Hungarian non-profit organizations in need of a new visual identity or of refreshing their existing brand identity have until March 9 to apply to the call announced by MOME Movement. In addition to helping these organizations, the initiative launched by the graphic designers of Moholy-Nagy University of Art and Design also has an educative function. We asked project manager/co-founder Márk Weiszer about the program.
When it comes to branding, the issue of visual communication, that is, what kind of logo or colors we should opt for, how to make our brand loveable and what kind of visual tools we should put to use so that the consumer will vote confidence to our product usually comes up already in the very early phases of planning. Questions like these come up in the minds of most entrepreneurs when launching their company. It doesn’t make a difference whether it is a large or micro business we are talking about: the importance of visual communication is undebatable, no matter the size. A company with an international focus, a one-person design brand and a primary producer manufacturing hand-crafted items all need the same: an authentic and well-functioning brand identity, with visual elements allowing the given business to authentically communicate their own qualities, and which distinguishes the brand from the other similar players of the market.
And what about charitable organizations? With the foundations and associations for whom branding would be equally important, if not more important than for market players, but whom, in the absence of strategic planning or a sound financial background, cannot dedicate sufficient attention to it? This is where MOME Movement comes into the picture.
In 2019 and 2020, the graphic designers and students from other departments participating in the initiative worked on developing the visual communication of an organization in pairs. Out of the organizations that applied for the call, the students could make a list of preferred institutions themselves, out of which they could pick the one with which they could envision a fruitful cooperation, with the help of professional partners. Because the project is not only about offering the graphic designers’ help to winning applicants free of charge: the design process takes place in close collaboration with the members of the organization.
Márk Weiszer, the project manager and co-founder of MOME Movement emphasize the very same thing in relation to the project: this is a great opportunity for the graphic design students to prove their professional skills in lifelike situations, but, at the same time, the representatives of foundations can also learn how and in what ways they should be working with one or more graphic designers. Thus, in addition to helping, MOME Movement also conveys the added value of the graphic design profession, i.e. it also plays an educative role: it opens the eyes of ordinary users about the importance of having a unified visual communication as an organization.
The young graphic designers offer their services tailored to the needs of the given organization: there are times when they need a brand new corporate design while at other times they have to freshen up the existing graphic elements. In this case, by corporate design we mean the organizations’s business card, logo and letterheads—this may seem too little, but due to the limited time available for the projects, this is the solid foundation that the students can guarantee to complete. The time dedicated to designing is, in fact, a university semester in this case, consisting of approximately three months—during such time, the graphic designers consult the chosen organization as well as the professional crew of the MOME Movement course on a continuous basis.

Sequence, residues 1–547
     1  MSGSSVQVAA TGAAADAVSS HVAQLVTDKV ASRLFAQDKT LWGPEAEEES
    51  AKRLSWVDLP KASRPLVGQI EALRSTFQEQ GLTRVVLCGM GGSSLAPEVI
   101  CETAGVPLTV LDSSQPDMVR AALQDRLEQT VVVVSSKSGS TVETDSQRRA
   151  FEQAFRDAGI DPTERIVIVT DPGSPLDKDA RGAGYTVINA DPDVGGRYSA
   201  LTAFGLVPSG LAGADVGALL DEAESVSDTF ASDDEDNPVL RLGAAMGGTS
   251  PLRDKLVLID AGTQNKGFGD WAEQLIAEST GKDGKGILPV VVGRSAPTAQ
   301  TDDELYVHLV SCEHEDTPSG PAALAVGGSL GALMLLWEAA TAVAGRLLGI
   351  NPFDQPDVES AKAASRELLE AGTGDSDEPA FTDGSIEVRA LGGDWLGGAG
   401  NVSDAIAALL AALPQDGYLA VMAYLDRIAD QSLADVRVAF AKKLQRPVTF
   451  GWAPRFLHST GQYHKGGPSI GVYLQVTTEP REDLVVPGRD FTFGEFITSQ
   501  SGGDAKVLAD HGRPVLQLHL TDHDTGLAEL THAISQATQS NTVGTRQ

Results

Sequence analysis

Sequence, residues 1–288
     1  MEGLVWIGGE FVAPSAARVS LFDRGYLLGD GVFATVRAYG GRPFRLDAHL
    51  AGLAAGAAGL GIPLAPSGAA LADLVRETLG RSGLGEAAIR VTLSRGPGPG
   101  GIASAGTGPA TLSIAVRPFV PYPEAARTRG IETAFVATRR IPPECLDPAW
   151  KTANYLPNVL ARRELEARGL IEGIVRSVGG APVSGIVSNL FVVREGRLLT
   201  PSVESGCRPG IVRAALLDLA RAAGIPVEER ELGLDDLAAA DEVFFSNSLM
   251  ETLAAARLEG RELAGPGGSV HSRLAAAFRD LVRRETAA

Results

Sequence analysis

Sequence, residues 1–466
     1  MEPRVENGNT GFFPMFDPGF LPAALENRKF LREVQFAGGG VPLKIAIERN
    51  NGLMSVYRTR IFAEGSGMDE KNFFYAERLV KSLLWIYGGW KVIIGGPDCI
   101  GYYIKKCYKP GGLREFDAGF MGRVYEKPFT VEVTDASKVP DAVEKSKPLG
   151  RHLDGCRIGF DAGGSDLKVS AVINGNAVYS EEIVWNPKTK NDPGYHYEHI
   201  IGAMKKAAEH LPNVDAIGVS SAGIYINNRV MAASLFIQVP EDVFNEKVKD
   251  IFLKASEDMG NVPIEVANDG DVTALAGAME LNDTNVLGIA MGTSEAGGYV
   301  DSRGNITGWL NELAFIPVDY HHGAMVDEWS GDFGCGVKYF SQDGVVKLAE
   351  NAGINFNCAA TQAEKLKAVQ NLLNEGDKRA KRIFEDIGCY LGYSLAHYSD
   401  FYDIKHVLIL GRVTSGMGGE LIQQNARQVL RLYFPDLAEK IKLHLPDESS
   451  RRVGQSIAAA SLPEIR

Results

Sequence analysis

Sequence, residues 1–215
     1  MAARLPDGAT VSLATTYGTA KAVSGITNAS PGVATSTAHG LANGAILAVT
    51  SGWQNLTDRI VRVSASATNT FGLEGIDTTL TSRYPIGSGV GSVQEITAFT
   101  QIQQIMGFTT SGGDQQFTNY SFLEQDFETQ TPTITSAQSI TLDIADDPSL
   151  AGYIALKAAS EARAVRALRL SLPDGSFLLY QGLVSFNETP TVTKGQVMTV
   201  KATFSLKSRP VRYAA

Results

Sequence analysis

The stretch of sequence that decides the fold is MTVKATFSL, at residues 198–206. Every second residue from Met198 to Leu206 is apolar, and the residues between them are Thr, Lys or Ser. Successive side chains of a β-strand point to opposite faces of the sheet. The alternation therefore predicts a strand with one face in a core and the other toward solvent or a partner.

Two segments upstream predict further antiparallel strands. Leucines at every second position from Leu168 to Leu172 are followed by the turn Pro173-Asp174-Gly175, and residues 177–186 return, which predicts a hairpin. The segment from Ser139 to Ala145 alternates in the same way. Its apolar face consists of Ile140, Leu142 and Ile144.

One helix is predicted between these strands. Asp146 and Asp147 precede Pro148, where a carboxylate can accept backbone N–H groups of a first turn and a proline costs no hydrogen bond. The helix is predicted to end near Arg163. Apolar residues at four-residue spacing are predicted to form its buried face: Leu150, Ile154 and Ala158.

In this year’s spring semester, the Movement course was announced as an optional course for MOME students, and it filled up in record time. A further novelty compared to previous courses is that in this spring semester, students will work in groups of three: the groups will include first-year and second-year graphic designers and a design manager or design culture student as a third member.
Even though the MOME Movement started out as a self-organized group of enthusiastic graphic design students, it continuously improves and keeps moving forward slowly but steadily. “The intuitive start has been replaced by a much more pragmatic approach by now: we see that the initiative is very popular, and so we have to establish a well-functioning structure to meet these needs, where the students and the selected organizations can both enjoy the benefits of the program.” This is also illustrated by the inclusion of students from other departments: a design manager can be responsible for both optimizing the processes within the group and for developing common understanding and a fruitful dialogue between the chosen organization and the graphic designers.
This way, MOME Movement helps the non-profit organizations experience and capitalize the kind of added value graphic design can provide to them, as the image a foundation dedicated to good causes represents does make a difference: if the content is important, they must be able to convey it to the audience in an appropriate format. And of course they must be able to stand out from the crowd—and to do this, they have to grab people’s attention so that when they have to decide to whom to give the 1% of their taxes, they see a good cause with a good visual identity.
Organizations have until March 9 12:00 a.m. to apply to MOME Movement. The detailed call can be read on MOME’s website.
We’ll keep you posted about the call, the selected organizations and the completed projects, so stay tuned!
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